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10 Reasons Every Lifter, Runner and Athlete Needs Omega-3s

Experts share how the fatty acids can take your game to the next level.
10 Reasons Every Lifter, Runner and Athlete Needs Omega-3s

If you’ve ever considered popping a pill of omega 3s, it’s probably been for your heart. After all, the American Heart Association says that the good-for-you fatty acids can reduce triglyceride levels, keep your arteries clear, and ward off irregular heartbeats.

And while no athlete is hitting a new PR without a healthy heart, the in-the-gym, on-the-field benefits of omega 3s go so much further. Omega 3s can not only speed your workout recovery, boost your gains, and help you hit new athletic goals, but are also necessary for cardiovascular, brain, joint, eye and skin health.

The thing is, your body can’t make omega 3 fatty acids on its own. It depends on your diet for those, and even if you are making an effort to eat lots of fish, avocados, and nuts, you might be falling short of your goals.

Omega 3s come in three types: eicosapentaenoic acid (EPA), docosahexaenoic acid (DHA), and alpha-linolenic acid (ALA). Long-chain fatty acids, EPA and DHA, are found in fish, fish oil supplements, and algae extract. The short-chain form, ALA, is found in plant sources like nuts, flax seed, chia seeds, avocado, and olive oil. 

Your body can only use the long-chain omega 3s, though. So, to make use of other forms, it converts ALA into EPA and then into DHA. Unfortunately, this process is anything but efficient. In men, only about 5 percent of the ALA consumed converts into EPA and less than 1 percent of EPA converts into DHA, says Jim White, spokesperson for the Academy of Nutrition & Dietetics and owner of Jim White Fitness & Nutrition Studios. “So sole use of this process is not the ideal way to elevate EPA and DHA in your body,” he says. To get enough EPA and DHA—many experts recommend 500 to 1,000 mg per day—you would need to eat at least two servings of fatty fish like salmon, tuna, or mackerel each week. Not to mention the requisite nuts, seeds, and heart-healthy oils to hit your ALA requirements. Many guys, even the healthier ones out there, don’t.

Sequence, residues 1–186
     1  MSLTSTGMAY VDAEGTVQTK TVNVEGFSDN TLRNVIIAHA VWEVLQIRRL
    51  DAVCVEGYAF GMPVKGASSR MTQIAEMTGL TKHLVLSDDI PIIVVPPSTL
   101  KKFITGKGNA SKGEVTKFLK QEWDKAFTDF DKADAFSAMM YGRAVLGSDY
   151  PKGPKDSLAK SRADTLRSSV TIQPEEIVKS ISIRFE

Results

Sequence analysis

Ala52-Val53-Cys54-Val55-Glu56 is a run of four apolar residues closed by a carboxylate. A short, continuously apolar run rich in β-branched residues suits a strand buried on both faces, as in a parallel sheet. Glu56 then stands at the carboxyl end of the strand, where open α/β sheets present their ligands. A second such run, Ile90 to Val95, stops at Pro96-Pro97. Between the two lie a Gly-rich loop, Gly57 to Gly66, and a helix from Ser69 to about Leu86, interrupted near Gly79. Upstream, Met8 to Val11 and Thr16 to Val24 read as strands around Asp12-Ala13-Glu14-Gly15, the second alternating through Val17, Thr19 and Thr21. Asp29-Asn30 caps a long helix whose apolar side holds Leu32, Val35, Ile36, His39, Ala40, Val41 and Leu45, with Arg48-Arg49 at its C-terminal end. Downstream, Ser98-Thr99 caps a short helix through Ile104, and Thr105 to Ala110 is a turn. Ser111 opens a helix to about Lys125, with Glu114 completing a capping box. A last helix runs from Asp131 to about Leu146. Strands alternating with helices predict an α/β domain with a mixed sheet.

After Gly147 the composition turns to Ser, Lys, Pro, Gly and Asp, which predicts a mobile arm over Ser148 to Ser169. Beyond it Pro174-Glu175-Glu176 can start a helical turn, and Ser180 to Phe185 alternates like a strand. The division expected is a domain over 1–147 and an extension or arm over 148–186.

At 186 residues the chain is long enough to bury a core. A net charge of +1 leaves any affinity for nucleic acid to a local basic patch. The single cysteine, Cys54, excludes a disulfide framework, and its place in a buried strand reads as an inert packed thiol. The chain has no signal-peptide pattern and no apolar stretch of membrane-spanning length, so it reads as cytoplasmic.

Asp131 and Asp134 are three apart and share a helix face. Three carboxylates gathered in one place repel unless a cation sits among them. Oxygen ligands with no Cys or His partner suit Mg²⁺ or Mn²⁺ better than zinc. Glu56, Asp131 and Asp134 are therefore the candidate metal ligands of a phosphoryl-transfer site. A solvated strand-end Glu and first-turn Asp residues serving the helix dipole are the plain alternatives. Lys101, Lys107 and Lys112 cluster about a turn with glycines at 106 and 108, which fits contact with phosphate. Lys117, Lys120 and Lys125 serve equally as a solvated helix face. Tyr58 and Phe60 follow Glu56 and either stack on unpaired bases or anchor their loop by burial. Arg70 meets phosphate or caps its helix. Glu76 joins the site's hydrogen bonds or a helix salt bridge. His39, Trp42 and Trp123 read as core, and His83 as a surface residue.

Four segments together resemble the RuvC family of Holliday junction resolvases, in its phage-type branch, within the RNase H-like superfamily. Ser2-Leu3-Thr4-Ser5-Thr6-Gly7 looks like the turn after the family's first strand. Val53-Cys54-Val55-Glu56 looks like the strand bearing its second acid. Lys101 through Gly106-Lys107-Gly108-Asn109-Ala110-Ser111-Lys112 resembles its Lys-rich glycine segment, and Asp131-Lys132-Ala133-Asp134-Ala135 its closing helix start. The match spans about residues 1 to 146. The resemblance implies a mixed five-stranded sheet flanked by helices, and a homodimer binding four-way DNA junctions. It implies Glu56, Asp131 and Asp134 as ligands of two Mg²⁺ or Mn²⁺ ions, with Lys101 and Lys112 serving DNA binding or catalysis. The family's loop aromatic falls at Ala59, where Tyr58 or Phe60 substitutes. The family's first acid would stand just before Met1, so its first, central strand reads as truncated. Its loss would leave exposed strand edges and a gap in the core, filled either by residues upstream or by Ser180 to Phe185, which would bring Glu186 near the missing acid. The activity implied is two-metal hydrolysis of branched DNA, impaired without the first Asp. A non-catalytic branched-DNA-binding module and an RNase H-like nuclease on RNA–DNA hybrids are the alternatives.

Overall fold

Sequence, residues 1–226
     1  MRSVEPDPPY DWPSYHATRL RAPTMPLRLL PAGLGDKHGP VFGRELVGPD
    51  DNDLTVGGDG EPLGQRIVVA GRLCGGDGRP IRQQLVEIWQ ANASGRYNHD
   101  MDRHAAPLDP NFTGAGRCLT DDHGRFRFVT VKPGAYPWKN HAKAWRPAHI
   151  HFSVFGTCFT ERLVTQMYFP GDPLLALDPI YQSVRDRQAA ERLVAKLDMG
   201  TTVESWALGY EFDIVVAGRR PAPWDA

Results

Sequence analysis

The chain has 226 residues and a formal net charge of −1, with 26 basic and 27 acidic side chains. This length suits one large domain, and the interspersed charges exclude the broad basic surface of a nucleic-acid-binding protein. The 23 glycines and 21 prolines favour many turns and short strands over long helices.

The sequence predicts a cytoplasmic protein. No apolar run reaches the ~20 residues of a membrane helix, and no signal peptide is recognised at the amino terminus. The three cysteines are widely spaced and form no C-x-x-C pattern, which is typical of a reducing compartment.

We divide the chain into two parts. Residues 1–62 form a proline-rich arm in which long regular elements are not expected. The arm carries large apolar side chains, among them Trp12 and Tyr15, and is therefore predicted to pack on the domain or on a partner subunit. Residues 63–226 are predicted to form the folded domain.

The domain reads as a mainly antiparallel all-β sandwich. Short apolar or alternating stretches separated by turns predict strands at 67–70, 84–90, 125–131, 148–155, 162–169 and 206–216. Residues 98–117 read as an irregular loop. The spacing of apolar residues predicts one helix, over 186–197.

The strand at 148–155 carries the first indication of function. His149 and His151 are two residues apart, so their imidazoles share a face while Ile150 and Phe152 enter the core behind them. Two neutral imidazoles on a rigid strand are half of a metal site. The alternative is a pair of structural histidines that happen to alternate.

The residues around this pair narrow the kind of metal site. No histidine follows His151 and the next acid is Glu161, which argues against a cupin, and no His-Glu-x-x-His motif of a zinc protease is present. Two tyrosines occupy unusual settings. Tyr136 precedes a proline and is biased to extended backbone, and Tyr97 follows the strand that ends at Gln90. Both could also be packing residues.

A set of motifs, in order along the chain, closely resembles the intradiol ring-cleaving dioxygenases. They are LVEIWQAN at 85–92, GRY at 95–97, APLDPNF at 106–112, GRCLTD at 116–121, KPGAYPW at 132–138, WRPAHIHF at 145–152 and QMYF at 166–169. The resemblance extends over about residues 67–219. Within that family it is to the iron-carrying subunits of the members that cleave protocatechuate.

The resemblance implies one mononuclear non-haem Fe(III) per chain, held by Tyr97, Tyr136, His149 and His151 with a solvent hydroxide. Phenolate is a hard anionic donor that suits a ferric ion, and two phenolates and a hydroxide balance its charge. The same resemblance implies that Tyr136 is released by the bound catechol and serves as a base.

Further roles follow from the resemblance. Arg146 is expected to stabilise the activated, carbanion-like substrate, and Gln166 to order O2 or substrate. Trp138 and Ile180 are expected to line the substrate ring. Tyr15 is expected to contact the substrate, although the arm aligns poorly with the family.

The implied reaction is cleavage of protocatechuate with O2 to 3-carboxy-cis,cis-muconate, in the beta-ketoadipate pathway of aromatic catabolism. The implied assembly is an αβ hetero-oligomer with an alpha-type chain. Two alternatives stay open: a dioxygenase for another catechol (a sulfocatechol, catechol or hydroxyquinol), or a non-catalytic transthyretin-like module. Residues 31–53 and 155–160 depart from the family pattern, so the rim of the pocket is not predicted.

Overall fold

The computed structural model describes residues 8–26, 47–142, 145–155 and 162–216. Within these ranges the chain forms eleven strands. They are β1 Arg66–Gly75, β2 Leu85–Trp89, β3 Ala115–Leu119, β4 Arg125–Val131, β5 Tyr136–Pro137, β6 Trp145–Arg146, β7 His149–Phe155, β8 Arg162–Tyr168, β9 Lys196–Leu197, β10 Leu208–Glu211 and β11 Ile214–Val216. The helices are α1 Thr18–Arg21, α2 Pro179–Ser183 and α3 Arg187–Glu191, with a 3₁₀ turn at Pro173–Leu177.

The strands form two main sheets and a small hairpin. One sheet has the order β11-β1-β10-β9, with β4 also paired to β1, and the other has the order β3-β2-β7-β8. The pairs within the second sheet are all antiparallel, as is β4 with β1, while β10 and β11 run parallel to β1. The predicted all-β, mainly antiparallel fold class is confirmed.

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That’s where omega 3 supplements come in. Read on to learn how omega 3 supplements, stocked with EPA and DHA, can boost your athletic performance.

After tough training sessions, your muscles are left riddled with microscopic tears; tears that, when healed, will make you stronger, bigger, and faster. Omega 3s are powerful anti-inflammatory compounds that help make that recovery process happen, says Kari Ikemoto, R.D., a registered dietitian with HealthCare Partners in California. 

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You’ll still have to pump some iron to score those 20-inch biceps you’ve been vying for, but omega 3s may help things along. Besides decreasing muscle breakdown, omega 3 fatty acids increase protein synthesis—the process in which your muscles transform the protein you eat into the protein in your biceps, Ikemoto says. For instance, in a 2011 study of healthy men and women, Washington University researchers found that omega 3s increased the subjects’ muscle-building response to insulin and amino acids, both of which are released in the body during exercise.